U.S. children older than 6 months are now eligible to receive COVID-19 vaccinations after the U.S. Food and Drug Administration and Centers for Disease Control and Prevention recently authorized vaccines from Moderna and Pfizer/BioNTech.
The federal agencies last week granted emergency use authorization for Pfizer/BioNTech's vaccine for children younger than 5 years old and for Moderna's vaccine for children younger than 6 years old.
"Both vaccines appeared to be safe, with similar side effects as in older children and adults, such as fever and soreness at the site of injection," said William Moss, vaccinology lead for the Johns Hopkins Coronavirus Resource Center. "However, it is critical that safety monitoring continue after authorization to detect any rare adverse events."
'Both vaccines appeared to be safe with similar side effects as in older children and adults.'
Moss, a pediatrician and executive director of the International Vaccine Access Center, said he does not expect vaccination coverage in the United States to greatly improve due to the authorizations, which apply to the nearly 20 million U.S. children younger than 6 years old.
"I suspect demand for COVID-19 vaccines in children younger than 5 years will be modest at best," Moss said. "There are some parents who have been waiting a long time to have their pre-school children vaccinated, but only 36% of children 5 to 11 years of age have received one dose and only 29% are fully vaccinated. Vaccine coverage levels in children younger than 5 years will be even lower, I suspect."
The percentage of the U.S. population that is considered fully vaccinated has stubbornly remained at around two-thirds, according to Coronavirus Resource Center data. For the population over 5 years old who previously have been eligible only for the Pfizer/BioNTech vaccine, the percentage increases to 71%. About 91% of those over 65 years old are fully vaccinated, according to the CDC.
A CDC survey indicated that about a third of U.S. parents plan to get eligible children vaccinated.
The Moderna COVID-19 vaccine for children 6 months old through 5 years is a two-dose regimen, Moss said. The Pfizer/BioNTech COVID-19 vaccine for children 6 months old through 4 years is a three-dose regimen, "as their two-dose regimen did not lead to sufficiently high levels of protective antibodies," he added.
"The studies of these vaccines were relatively small compared to the original trials in adults but FDA experts found the Moderna vaccine to be safe and effective in young children," Moss said. "This was based in part on levels of neutralizing antibodies following vaccination. However, effectiveness in preventing symptomatic infection was only 51% in children 6 months to 2 years of age and 37% in children 2 to 5 years of age, certainly lower than what we would hope for. Children in this age group will likely need a third dose for better protection, as is the case for older children and adults."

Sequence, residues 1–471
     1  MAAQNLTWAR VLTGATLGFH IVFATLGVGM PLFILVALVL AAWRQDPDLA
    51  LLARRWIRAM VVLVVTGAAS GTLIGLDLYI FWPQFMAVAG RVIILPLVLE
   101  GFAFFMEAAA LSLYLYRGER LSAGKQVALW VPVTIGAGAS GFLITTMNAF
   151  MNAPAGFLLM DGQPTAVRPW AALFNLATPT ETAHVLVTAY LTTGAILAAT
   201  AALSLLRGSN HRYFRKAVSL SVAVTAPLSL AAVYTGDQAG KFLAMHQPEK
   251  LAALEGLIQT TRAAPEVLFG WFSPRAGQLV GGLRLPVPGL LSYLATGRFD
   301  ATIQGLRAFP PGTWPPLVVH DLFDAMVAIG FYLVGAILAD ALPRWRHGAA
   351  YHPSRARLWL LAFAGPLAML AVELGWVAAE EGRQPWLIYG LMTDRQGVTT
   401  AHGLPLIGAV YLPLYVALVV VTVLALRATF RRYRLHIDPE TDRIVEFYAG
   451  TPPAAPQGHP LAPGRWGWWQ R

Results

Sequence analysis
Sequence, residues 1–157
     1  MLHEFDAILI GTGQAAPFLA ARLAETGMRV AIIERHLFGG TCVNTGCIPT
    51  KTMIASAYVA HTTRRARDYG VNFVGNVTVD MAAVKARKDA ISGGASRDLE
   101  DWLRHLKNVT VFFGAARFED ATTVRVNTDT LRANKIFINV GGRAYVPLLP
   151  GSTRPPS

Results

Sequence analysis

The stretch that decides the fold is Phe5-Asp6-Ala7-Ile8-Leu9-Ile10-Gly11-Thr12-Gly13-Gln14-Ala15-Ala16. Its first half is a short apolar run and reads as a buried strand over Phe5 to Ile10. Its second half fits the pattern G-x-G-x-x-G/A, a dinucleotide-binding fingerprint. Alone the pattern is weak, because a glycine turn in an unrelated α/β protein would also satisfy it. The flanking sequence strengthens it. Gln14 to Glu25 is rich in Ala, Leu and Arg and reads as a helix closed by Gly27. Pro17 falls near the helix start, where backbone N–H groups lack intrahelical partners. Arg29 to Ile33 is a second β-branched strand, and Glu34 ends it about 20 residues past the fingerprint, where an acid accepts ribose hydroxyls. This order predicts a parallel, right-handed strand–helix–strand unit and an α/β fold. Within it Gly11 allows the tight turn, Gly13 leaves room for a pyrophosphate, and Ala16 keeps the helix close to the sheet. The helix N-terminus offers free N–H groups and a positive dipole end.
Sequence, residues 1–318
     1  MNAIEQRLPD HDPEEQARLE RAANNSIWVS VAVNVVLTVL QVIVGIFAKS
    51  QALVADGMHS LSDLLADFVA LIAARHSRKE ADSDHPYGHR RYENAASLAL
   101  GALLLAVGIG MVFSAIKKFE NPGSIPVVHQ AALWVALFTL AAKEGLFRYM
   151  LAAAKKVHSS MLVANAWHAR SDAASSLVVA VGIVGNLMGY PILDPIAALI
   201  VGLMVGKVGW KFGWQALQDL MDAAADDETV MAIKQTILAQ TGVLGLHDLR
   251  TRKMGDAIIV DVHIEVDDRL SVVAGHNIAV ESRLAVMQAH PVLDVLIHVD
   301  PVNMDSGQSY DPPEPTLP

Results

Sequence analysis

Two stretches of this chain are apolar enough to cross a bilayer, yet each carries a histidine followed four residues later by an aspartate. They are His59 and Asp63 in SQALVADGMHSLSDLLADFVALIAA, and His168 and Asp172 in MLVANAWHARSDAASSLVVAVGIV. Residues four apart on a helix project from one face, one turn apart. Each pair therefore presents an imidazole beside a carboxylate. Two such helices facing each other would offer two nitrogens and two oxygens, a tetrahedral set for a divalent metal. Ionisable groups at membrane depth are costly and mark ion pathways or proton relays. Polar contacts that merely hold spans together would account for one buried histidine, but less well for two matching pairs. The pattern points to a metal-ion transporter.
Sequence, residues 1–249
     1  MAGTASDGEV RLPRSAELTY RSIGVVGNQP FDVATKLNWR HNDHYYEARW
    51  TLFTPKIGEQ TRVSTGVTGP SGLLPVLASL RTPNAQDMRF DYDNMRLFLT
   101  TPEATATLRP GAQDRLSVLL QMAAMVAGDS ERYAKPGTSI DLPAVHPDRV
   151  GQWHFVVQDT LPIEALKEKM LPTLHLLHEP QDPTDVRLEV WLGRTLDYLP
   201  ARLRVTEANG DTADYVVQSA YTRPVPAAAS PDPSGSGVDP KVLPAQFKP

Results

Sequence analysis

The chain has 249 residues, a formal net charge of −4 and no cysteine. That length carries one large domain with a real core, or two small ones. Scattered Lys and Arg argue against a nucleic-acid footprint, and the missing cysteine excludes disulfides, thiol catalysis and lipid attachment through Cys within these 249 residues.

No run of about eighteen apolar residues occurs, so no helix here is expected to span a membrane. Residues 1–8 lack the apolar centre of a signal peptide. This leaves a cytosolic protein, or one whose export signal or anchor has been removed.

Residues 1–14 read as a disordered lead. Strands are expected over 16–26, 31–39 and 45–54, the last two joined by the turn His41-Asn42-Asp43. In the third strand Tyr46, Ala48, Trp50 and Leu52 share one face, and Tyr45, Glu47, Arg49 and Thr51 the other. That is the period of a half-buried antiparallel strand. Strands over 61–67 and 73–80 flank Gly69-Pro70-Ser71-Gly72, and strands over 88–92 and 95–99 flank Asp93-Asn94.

'The benefits of the vaccines still far outweigh the risks.'
The FDA stated that the three-dose regimen of Pfizer/BioNTech COVID-19 vaccine appeared to be effective in preventing symptomatic COVID-19 in young children, Moss said. "But only 10 of the 1,415 children in the study became ill—two among the vaccinated children and eight who received the placebo," he added. "This is too few cases to draw definitive conclusions but certainly suggestive. The three-dose series also resulted in protective levels of antibodies, providing further evidence of benefit."
Brian Garibaldi, the CRC clinical lead, said vaccines will be beneficial to children and the broader community.
"While the risk of severe disease in children is low, the benefits of the vaccine still far outweigh the risks, both in terms of individual protection but also in terms of helping to slow down community transmission," Garibaldi said. "Children can also get long COVID and vaccines are likely to reduce the incidence of long COVID—by preventing infection in the first place — and may reduce its severity in those who do develop long term symptoms, although the data on this is less clear."
While Pfizer's COVID-19 vaccine for children ages 5 to 11 was authorized last November, it has taken longer than anticipated to expand eligibility to younger children for a number of reasons, according to Ruth Karron, director of the Johns Hopkins Center for Immunization Research, who discussed the delay during an interview with the Bloomberg School of Public Health's podcast, Public Health On Call.
"When we started to make COVID-19 vaccines in 2020, I don't think we appreciated the full burden of COVID on young children," she said. "Certainly we appreciated the indirect effects on schooling and other social activities. But it took us a while to fully appreciate the direct medical effects."
Karron highlighted the novel aspect of the mRNA platform used to develop the vaccines.
"It's highly effective, but it is also inflammatory. Anyone who's gotten these vaccines knows that you can have low-grade fever, chills, and aches of various kinds," she said. "And one of the things we know about children is that their inflammatory reactions are heightened. Children get fevers, for example, much more frequently than adults do. The companies and the [government] bodies that regulate these vaccines wanted to make sure that they were being evaluated as carefully as possible, to ensure that a vaccine would be safe to administer to children."
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